Feeling lucky: How framing the target product as a free gift enhances purchase intention
Maggie Wenjing Liu,
Lu Yang and
Hean Tat Keh ()
International Journal of Research in Marketing, 2022, vol. 39, issue 2, 349-363
The present research investigates how consumers respond to alternate premium promotion framings that have equal value (e.g., “buy a flash drive and get a free earphone” vs. “buy an earphone and get a free flash drive”). We show that the counterintuitive framing of the target (vs. non-target) product as a free gift makes consumers feel lucky, which in turn increases their purchase intention for the product bundle. We further show the effects of two moderators—salience of targeting and promotion magnitude, such that the main effect is mitigated when the marketer’s targeting efforts are salient for consumers and when the target product is price discounted but not free. Four studies (i.e., a lab study, two online experiments, and a field experiment involving actual purchases of the promoted products) for a range of products and services across two countries provide converging evidence supporting the hypotheses. The findings contribute to the literatures on bundle framing effects, pricing, and luck research in marketing, and have practical implications on designing more effective promotions for both online and brick-and-mortar retailers.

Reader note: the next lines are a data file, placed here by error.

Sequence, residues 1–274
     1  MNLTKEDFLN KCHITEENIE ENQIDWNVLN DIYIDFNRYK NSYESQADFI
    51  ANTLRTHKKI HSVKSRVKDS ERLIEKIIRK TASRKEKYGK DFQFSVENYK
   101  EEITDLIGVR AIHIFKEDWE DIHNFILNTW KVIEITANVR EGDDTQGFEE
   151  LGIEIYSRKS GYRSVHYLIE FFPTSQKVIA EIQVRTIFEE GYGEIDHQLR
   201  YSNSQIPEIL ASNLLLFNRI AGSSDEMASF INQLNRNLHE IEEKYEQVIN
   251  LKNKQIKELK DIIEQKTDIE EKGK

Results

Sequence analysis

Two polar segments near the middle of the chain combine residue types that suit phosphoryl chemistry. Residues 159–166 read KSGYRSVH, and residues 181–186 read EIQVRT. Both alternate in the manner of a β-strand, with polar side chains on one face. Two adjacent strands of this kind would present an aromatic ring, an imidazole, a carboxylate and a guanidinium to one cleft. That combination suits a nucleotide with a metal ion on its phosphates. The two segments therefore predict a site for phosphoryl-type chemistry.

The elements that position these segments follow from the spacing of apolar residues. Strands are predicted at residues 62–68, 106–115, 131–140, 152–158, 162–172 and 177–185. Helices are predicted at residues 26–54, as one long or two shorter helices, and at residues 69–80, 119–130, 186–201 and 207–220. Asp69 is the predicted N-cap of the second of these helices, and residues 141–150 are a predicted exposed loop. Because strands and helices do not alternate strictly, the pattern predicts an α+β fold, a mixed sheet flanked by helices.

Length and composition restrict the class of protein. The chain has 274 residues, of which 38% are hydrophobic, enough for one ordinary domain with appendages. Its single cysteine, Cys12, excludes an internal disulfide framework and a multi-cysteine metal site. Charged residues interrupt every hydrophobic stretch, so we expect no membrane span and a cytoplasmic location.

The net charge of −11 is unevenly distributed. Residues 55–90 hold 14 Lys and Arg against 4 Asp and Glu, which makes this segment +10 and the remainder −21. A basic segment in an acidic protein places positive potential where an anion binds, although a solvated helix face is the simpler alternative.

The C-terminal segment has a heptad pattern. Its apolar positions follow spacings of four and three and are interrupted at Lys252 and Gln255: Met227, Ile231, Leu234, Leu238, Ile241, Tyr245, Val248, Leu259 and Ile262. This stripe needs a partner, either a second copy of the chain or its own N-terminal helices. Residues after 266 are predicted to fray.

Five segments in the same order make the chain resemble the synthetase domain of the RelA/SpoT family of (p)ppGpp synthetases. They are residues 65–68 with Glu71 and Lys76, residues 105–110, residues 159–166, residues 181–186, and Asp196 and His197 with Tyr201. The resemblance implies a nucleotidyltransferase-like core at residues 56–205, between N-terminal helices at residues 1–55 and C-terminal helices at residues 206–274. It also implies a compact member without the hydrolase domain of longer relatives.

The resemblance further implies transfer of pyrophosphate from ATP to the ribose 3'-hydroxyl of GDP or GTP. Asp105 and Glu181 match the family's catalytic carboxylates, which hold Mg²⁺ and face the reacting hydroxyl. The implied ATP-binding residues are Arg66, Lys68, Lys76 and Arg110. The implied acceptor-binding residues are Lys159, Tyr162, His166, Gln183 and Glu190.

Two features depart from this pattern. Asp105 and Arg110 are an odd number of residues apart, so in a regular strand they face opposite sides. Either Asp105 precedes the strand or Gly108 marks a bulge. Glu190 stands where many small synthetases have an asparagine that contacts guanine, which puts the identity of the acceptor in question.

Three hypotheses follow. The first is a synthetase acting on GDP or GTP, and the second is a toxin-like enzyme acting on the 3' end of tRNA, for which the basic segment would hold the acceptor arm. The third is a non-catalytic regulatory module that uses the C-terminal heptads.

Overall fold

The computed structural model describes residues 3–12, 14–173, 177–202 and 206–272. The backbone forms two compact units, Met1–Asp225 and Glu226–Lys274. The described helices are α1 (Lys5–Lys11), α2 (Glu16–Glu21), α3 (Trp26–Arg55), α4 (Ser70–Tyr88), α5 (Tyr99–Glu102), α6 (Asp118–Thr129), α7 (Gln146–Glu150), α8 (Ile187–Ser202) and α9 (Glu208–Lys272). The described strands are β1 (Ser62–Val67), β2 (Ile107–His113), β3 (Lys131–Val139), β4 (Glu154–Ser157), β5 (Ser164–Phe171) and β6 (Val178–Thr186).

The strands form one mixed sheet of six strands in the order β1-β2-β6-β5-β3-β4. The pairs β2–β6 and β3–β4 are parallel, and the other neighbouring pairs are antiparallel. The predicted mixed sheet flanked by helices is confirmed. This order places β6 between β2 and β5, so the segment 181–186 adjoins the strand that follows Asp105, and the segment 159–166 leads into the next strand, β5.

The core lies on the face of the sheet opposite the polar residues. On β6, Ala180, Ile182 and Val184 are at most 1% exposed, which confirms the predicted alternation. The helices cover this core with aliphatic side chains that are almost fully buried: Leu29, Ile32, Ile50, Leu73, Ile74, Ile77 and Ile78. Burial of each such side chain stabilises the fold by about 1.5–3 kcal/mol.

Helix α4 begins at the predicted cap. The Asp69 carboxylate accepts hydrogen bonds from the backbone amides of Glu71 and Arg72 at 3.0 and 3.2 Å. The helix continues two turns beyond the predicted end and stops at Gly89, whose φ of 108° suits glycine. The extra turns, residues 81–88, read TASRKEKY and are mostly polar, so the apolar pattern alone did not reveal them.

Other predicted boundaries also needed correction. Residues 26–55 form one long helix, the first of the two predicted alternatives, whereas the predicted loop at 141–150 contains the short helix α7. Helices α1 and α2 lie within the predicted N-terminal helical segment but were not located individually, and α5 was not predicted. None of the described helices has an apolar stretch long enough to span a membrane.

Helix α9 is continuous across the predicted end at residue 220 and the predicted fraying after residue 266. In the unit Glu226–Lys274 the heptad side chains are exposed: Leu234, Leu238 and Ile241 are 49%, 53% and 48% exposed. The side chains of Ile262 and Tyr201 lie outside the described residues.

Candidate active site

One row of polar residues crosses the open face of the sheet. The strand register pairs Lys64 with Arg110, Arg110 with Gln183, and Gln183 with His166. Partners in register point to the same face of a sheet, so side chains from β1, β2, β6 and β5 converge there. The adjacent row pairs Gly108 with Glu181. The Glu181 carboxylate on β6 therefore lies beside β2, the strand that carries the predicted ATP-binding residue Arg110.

Keywords: Premium promotion; Feeling of luck; Framing; Online retailing; Targeting (search for similar items in EconPapers)
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Persistent link: https://EconPapers.repec.org/RePEc:eee:ijrema:v:39:y:2022:i:2:p:349-363
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